SketchEl 2 as a cross platform desktop web application
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README.md

SketchEl2

SketchEl 2 is a drawing program for chemical structures, based on the WebMolKit toolkit. It is written in TypeScript, cross-compiled to JavaScript, and made available on desktop platforms using Electron.

SketchEl 2 is the successor to the original SketchEl application, which was written in Java, using the Swing toolkit, and provided an applet-based web plugin (which is now obsolete).

As of June 2017, the project is very early: there is no guarantee that it is fit for any purpose, but you are welcome to try it out, provide feedback and/or submit patches.

License

The whole project is copyrighted by Molecular Materials Informatics, Inc and made available via the GNU Public License (GPL) v3. In a nutshell, this is the patent-unfriendly viral license: you can use it for whatever you want, but derived software gets infected with the same license.

Compilation

To compile a functioning build, you will need to have WebMolKit setup in a parallel directory, e.g.

  • ~/wherever/SketchEl2 (GitHub)
  • ~/wherever/WebMolKit (GitHub)

The primary technology of interest that has to be installed is TypeScript, which is easy enough to setup: just follow the instrutions.

TypeScript is a cross-compiler, which essentially turns all of the files in the src/**.ts subdirectory (and the WebMolKit dependency) into one big JavaScript file (app/sketchel2.js). The JavaScript output file is included as part of the GitHub fileset and updated with each source change, so you can continue with the build process without updating it.

Recompiling the JavaScript deliverable can be done at the command line by running tsc: it reads the tsconfig.json file to figure out what needs to be done. For viewing or editing the source files, the best option is Visual Studio Code (the excellent cross platform open source project: not to be confused with Visual Studio).

Building

Execution of SketchEl 2 is done using the Electron project, which is a wrapper around a stripped down version of the Google Chrome browser. It adds some extra APIs to Node.js to fill out the missing pieces between a pure JavaScript engine and an HTML-based UI (e.g. menus, icons, opening/closing windows, etc). Electron is a relatively new project and is not especially well documented, so there is a certain amount of trial and error involved.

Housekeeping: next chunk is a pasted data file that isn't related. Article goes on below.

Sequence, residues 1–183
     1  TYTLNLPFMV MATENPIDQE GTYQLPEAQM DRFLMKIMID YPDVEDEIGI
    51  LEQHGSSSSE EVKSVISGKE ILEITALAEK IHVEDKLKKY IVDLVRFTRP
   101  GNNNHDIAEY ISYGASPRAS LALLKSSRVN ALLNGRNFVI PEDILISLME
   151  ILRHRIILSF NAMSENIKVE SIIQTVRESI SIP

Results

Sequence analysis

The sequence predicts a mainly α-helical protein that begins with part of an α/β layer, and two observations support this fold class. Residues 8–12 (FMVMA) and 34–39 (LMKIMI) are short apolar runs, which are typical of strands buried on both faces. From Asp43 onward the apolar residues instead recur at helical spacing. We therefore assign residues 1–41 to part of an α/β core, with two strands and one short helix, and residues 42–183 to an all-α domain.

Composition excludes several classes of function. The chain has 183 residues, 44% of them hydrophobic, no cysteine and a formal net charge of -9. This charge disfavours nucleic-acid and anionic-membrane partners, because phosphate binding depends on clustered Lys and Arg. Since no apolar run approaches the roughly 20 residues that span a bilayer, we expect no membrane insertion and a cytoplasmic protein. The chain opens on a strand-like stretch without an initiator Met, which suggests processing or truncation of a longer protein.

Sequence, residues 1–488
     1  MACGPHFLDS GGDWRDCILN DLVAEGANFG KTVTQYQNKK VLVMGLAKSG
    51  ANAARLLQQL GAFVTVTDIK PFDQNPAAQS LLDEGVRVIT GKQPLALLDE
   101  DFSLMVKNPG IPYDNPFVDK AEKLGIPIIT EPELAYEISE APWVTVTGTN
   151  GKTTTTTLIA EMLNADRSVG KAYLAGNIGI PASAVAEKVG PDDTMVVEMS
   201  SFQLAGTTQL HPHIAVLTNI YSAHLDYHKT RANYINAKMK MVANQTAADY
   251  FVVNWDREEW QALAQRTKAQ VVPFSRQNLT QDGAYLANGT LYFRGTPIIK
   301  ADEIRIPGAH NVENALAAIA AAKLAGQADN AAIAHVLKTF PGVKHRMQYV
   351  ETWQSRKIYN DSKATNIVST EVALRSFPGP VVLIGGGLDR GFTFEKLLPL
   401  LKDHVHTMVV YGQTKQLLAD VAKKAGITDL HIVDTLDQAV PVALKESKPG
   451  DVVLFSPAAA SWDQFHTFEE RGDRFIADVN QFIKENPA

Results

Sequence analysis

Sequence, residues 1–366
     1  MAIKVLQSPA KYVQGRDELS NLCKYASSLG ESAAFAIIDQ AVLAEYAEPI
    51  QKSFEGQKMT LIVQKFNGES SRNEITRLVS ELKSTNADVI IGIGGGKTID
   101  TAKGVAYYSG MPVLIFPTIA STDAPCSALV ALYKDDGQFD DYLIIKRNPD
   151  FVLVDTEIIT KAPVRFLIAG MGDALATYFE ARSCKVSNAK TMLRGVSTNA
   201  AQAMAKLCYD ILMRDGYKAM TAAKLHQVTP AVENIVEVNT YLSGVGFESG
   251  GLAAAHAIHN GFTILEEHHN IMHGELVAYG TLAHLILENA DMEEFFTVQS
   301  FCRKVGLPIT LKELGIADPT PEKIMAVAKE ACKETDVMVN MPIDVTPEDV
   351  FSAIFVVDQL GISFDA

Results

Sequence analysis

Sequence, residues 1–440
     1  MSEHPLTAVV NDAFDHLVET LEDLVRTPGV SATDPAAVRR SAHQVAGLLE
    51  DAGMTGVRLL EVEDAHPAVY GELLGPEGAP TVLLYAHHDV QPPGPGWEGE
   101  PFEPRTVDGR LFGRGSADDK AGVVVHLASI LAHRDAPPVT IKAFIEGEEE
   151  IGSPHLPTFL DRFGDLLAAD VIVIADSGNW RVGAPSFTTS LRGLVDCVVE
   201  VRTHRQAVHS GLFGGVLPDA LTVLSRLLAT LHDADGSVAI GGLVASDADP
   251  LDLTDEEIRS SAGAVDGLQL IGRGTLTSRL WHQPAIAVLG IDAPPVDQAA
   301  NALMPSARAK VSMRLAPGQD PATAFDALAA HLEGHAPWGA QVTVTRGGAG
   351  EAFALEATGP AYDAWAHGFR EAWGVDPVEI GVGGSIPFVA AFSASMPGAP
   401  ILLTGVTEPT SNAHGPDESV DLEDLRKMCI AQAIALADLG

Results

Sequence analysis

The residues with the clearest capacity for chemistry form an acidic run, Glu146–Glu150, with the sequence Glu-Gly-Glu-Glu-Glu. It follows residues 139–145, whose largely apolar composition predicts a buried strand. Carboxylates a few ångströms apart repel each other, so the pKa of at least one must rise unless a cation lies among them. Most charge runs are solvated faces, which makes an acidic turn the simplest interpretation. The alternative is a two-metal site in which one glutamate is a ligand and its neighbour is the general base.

The first step to building a package is to install the Electron library in the SketchEl2 folder. This is not included in the git repository, so you have to install it from the standard location. Assuming you already have npm (Node.js Package Manage) installed, see the script remake_prebuild.sh. Running this will create and populate the node_modules directory.

Once this is configured, you can either try your luck with the system wide electron_packager binary, or use one of the three shell scripts provided (linbuild.sh, macbuild.sh and winbuild.sh), which will populate the dist/ directory with a functioning app, if all goes well.

The deliverables are quite different per platform, and your mileage may vary when trying to build for a platform that you're not currently running. At the present time, it has only been tested with Linux and macOS, although it is highly probable that the Windows analog will also work (feedback welcome on whether this is the case).

Note there is an annoying bug that afflicts TypeScript/Visual Studio Code: when there is a node_modules directory, the UI and compiler scan through all of the TypeScript interfaces within that directory, even though it is not supposed to (and even when it is explicitly told not to), which generates a slew of compiler warnings. This will presumably be fixed sometime, but it is currently problematic, because the Electron package manager only works when its files are stored locally (i.e. in the local node_modules directory). It should work with a global installation (i.e. when those files are stored somewhere else, like /usr/local/lib), but it does not. The workaround is rather ugly: the build scripts make a symbolic softlink to the global installation, build the package, then remove the link. This works, and it is necessary when alternating between debugging and building the package. If you are not going to recompile, or you just compile once and are willing to ignore the warnings, then this workaround is nonessential.

Debugging

Editing or viewing source code should be done with Visual Studio Code. The configured launch.json file should provide everything you need to simply open up the project and hit run. For getting started quickly, this may be simpler than building the package.